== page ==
In everyday life, arguments depend upon pathos and ethos besides logos. Logos mostly employs the utilization of inductive and deductive reasoning methods to be effective. There are many examples of logos in literature and in debates.
All men are mortal.
Socrates is a man.
Therefore, Socrates is mortal. Aristotle,
The Art of Rhetoric

Aristotle is using syllogistic arguments here, where some of the arguments or assertions remain unstated. Since, Socrates is a man therefore, he is mortal; all men are mortal so eventually they will die. This is the logic presented here.
The wage system has made people believe that what a man needs is work. This, of course, is absurd. What he needs is the goods produced by work, and the less work involved in making a given amount of goods, the better…… But owing to our economic system…where a better system would produce only an increase of wages or a diminution in the hours of work without any corresponding diminution of wages. Bertrand Russell, Political Ideals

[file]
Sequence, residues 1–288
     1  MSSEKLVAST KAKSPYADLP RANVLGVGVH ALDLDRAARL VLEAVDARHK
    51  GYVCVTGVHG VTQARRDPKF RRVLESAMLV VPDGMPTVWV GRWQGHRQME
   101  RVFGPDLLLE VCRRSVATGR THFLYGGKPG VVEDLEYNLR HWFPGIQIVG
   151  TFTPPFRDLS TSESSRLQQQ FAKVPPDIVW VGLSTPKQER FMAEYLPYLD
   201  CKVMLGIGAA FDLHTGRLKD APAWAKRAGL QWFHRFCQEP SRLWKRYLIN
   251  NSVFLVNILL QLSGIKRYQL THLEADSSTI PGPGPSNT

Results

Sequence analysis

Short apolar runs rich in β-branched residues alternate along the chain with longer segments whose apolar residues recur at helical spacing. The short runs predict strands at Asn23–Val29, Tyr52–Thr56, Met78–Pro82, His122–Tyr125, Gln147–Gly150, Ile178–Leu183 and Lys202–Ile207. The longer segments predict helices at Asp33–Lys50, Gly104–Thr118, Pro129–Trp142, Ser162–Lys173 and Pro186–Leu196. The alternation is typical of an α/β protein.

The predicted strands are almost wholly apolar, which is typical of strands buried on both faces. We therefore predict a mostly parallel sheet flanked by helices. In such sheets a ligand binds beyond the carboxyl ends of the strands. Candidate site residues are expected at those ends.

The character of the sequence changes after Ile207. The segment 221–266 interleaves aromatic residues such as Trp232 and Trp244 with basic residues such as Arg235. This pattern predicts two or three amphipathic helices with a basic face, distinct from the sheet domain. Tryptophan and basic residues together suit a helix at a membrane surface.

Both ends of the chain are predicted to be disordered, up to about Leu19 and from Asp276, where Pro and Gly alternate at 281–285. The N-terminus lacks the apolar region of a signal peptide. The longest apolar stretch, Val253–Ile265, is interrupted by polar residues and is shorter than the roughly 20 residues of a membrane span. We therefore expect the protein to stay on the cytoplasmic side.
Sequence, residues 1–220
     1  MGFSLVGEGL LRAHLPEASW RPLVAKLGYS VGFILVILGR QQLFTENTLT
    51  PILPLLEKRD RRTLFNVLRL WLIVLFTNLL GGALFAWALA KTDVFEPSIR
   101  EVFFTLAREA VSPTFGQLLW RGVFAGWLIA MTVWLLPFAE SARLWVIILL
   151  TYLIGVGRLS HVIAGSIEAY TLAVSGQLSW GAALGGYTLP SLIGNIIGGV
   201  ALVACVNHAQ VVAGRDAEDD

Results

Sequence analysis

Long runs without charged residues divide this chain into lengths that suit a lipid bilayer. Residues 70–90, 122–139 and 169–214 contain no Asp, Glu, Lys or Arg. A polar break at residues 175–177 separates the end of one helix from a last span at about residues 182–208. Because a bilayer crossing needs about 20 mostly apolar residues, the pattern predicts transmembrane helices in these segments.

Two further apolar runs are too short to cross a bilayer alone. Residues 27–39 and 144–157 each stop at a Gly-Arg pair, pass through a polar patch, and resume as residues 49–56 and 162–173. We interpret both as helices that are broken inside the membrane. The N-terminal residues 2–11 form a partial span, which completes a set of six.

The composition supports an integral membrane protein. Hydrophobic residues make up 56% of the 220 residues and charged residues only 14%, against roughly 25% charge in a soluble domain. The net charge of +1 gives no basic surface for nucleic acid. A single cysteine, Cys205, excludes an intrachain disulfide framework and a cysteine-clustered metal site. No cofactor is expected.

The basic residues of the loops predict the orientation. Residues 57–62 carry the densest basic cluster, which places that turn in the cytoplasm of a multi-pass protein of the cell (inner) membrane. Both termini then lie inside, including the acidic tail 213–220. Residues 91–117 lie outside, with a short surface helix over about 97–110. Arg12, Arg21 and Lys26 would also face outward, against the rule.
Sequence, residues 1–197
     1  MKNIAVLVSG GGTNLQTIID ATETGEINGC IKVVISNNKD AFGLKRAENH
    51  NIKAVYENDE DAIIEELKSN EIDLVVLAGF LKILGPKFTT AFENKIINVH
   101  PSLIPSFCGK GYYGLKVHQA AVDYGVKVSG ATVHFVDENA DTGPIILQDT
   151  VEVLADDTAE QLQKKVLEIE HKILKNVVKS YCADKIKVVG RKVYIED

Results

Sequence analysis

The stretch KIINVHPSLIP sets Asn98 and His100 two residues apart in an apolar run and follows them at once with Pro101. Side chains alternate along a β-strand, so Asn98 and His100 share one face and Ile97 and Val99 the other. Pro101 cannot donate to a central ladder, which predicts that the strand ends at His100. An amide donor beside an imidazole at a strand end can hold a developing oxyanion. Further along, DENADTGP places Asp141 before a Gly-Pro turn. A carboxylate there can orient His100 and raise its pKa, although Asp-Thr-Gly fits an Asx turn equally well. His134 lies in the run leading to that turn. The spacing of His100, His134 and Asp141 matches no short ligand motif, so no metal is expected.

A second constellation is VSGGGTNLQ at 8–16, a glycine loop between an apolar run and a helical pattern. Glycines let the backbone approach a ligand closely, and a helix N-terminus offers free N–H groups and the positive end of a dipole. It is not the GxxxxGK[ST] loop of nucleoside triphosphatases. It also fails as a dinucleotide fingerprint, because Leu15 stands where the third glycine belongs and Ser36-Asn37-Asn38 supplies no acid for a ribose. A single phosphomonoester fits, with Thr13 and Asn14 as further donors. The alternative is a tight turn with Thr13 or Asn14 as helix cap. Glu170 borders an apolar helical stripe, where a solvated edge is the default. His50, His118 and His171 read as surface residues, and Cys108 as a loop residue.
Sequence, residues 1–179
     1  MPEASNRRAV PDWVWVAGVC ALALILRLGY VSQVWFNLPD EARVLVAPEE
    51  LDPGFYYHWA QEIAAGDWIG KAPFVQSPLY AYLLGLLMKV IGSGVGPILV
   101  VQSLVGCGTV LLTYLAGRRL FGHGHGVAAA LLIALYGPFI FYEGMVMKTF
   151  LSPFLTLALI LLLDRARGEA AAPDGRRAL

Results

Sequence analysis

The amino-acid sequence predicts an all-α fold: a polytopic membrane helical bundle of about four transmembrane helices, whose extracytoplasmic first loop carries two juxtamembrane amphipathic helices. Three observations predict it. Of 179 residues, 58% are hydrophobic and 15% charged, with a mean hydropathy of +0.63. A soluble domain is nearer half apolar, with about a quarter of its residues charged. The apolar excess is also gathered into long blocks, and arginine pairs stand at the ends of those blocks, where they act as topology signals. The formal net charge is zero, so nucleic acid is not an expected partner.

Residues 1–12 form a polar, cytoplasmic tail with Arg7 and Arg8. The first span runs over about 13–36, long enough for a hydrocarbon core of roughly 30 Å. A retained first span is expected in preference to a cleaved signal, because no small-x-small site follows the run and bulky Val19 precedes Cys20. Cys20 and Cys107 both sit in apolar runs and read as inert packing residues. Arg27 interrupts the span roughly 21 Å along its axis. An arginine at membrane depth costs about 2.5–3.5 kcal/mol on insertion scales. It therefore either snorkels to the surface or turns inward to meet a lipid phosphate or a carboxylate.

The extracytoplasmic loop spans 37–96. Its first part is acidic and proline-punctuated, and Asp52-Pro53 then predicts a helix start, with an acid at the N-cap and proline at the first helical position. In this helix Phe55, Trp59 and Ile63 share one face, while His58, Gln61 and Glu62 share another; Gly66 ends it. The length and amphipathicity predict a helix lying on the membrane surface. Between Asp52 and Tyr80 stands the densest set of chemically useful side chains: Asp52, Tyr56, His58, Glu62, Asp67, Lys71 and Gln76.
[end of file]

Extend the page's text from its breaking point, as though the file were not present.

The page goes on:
In this paragraph, Russell is presenting arguments for the unjust distribution of wealth and its consequences. He gives the answer through logic and states that a reason for this injustice is due to evils in institutions. His deduction is that capitalism and the wage system should be abolished to improve the economic system.
Logos is used in citing facts (e.g. statistics and REAL examples
.) It is something through which inner thoughts are presented in a logical way before the audience for persuasion. In society, rationality and logic are greatly valued and this type of convincing approach is generally honored more than appeals made by a speaker or character to the audience.
In rhetoric, ethos r